This current system is not designed to do the things that people increasingly want a health-care system to do: to deliver chronic disease management; to deliver wellness care; to counsel people when they’re well; or to differentiate between serious problems and problems that need rapid, convenient solutions. When the established system does those things, it comes at a very high cost, but that’s because it wasn’t designed to manage these types of care.
As more people seek different kinds of care, the pressure on the current system grows stronger. And throughout our book we talk about niches where we think disruptive innovation is most likely to occur first. These niches can be fertile ground for entrepreneurs, but they are currently markets with low margins — at least compared to the traditional sick care setting. So they are typically unattractive to the incumbents in the industry: the big pharmaceutical companies, the established providers of service (like hospitals and related chains), and the major payors (largely insurance companies). Disruptive outside players could gain an early foothold in these niches, and then become dominant in the future, challenging and eventually replacing some of today’s incumbents.
Disruptions of this sort happen despite the regulatory environment, which favors the well-heeled incumbents. Indeed, historically, regulations tend to relax only after disruptive players have established a niche and have proven themselves in the marketplace. In other words, regulatory reform is often the natural outgrowth of disruption, not vice versa.
S+B: When you talk about a “niche,” it has a different meaning from what we would normally think of as a “niche market.” Can you explain?
HWANG: For us a niche is a part of the market — a group of health-care consumers — with a distinctive set of needs. One niche, for example, might be working mothers with sick children. A typical mother of this sort, as we describe her in our book, has a specific “job” in mind, which she hires the health-care system to do. Whether or not she and her child have health insurance, there’s a desire for convenience that the current system is not designed to deliver. Therefore, even though she could go to a pediatrician’s office, she chooses instead to bring her child to a retail clinic. In this case the value proposition is convenience. It’s an opportunity for innovation, and the health-care system finds itself competing against any other product or service that attempts to deliver convenience to the mother.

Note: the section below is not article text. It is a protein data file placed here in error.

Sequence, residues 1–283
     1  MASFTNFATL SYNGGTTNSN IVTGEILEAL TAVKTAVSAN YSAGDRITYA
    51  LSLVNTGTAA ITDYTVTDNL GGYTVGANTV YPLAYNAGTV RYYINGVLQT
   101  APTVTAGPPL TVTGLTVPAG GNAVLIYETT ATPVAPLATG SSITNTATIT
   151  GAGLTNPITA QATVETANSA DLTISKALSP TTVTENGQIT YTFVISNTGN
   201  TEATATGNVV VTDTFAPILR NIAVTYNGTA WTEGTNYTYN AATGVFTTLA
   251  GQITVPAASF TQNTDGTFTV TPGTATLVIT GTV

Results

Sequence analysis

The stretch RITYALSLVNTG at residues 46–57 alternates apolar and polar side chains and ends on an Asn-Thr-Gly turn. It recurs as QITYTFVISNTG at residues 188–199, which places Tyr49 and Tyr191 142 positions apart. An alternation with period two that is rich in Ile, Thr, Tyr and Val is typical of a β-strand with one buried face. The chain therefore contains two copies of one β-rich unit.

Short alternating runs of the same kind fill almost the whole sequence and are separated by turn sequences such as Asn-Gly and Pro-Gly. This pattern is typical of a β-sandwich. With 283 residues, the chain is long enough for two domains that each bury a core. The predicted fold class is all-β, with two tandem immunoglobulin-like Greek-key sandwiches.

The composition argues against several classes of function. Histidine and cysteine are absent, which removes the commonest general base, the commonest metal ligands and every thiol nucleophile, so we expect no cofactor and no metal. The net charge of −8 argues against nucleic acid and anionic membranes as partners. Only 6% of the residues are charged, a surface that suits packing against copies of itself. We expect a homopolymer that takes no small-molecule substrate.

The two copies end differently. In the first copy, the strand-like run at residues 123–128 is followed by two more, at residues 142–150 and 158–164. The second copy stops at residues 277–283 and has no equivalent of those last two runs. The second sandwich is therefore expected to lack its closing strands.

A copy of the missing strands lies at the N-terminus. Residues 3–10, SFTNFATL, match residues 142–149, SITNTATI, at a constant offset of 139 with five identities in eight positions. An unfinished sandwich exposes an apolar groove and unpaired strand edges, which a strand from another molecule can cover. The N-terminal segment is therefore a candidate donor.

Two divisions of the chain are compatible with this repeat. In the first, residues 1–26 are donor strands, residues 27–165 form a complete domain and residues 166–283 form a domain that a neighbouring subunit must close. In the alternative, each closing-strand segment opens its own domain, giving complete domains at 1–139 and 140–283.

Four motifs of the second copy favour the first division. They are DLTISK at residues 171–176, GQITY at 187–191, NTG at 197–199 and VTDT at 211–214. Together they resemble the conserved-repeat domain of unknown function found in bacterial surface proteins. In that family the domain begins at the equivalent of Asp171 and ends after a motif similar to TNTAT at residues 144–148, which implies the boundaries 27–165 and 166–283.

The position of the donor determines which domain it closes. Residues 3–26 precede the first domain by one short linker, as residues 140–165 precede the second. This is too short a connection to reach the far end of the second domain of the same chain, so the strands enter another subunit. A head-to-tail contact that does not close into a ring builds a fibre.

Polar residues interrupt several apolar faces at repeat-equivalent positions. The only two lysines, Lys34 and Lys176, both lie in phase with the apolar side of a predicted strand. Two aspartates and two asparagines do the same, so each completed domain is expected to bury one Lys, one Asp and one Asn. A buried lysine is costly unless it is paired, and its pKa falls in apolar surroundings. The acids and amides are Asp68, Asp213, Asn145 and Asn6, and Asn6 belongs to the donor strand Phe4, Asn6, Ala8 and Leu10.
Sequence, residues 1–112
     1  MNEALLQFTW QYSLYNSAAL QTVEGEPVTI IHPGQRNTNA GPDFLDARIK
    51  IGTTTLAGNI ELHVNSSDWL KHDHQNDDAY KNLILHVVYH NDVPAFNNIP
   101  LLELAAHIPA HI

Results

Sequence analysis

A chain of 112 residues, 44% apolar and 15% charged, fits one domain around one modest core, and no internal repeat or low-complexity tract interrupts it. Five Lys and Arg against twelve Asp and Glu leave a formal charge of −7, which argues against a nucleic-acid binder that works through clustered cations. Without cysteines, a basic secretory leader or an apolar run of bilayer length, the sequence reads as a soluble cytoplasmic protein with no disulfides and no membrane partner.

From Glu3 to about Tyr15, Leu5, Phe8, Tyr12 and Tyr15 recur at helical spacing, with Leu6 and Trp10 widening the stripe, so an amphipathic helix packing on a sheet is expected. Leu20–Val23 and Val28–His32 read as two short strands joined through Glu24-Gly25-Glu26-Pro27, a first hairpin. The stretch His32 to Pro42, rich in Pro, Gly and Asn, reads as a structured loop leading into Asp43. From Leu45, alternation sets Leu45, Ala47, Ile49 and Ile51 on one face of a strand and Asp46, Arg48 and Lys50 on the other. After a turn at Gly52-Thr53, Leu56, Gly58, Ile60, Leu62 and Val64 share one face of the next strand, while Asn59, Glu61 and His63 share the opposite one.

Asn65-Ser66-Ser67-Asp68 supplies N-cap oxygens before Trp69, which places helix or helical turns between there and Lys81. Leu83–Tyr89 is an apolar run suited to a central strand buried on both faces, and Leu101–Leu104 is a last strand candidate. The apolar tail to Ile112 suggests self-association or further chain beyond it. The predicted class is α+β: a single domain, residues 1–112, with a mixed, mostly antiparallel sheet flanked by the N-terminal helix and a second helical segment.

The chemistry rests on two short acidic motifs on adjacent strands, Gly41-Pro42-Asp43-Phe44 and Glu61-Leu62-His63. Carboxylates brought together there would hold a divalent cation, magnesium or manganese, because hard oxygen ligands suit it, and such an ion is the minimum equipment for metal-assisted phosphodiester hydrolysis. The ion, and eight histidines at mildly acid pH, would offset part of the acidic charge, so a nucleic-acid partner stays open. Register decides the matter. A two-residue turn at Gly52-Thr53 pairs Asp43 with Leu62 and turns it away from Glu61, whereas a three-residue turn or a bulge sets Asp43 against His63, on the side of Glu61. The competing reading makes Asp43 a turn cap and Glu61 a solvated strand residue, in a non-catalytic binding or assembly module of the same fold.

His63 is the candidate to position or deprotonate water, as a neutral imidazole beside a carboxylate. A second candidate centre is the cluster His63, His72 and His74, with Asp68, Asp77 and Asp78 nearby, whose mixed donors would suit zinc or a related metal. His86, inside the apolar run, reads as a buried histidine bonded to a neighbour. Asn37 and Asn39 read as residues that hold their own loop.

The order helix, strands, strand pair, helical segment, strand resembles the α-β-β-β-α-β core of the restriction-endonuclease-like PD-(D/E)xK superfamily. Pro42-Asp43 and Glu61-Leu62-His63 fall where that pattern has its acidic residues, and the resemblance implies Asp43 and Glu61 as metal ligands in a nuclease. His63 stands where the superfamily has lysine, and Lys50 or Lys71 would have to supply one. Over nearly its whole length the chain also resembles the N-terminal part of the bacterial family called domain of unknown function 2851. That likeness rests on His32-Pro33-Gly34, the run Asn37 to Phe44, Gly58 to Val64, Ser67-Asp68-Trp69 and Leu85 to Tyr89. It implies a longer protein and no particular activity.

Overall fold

The same concept applies to wellness and chronic disease care. These are areas of the marketplace that are not served well by the existing delivery system and where disruptive players could gain a very early foothold and become dominant in the future.
S+B: What are some of the new practices that might serve these niches? HWANG: Some of them involve payors, such as health insurance companies. In The Innovator’s Prescription, we describe the need for insurance that decentralizes decision making and the control of costs. In other words, insurance that puts more of the decision making into the hands of patients. The optimal vehicle that we’ve seen, although it’s not perfect, is the health savings account. Combined with high-deductible insurance (for catastrophic expenses), this is a funded bank account that consumers have available for relatively predictable medical costs. The more judiciously they spend it on medical care, the more they have for retirement.
For hospital care, we need to differentiate the industry into separate types of hospitals, each with its own business model. Some would keep the currently prevalent “solution-shop” model, which is expertise-driven and focused on complex care. Others would need to specialize in specific conditions and procedures, like orthopedic hospitals or the Shouldice Hospital, which does nothing but hernia surgeries. The doctors get very good at that one procedure, and the whole business can be designed around it.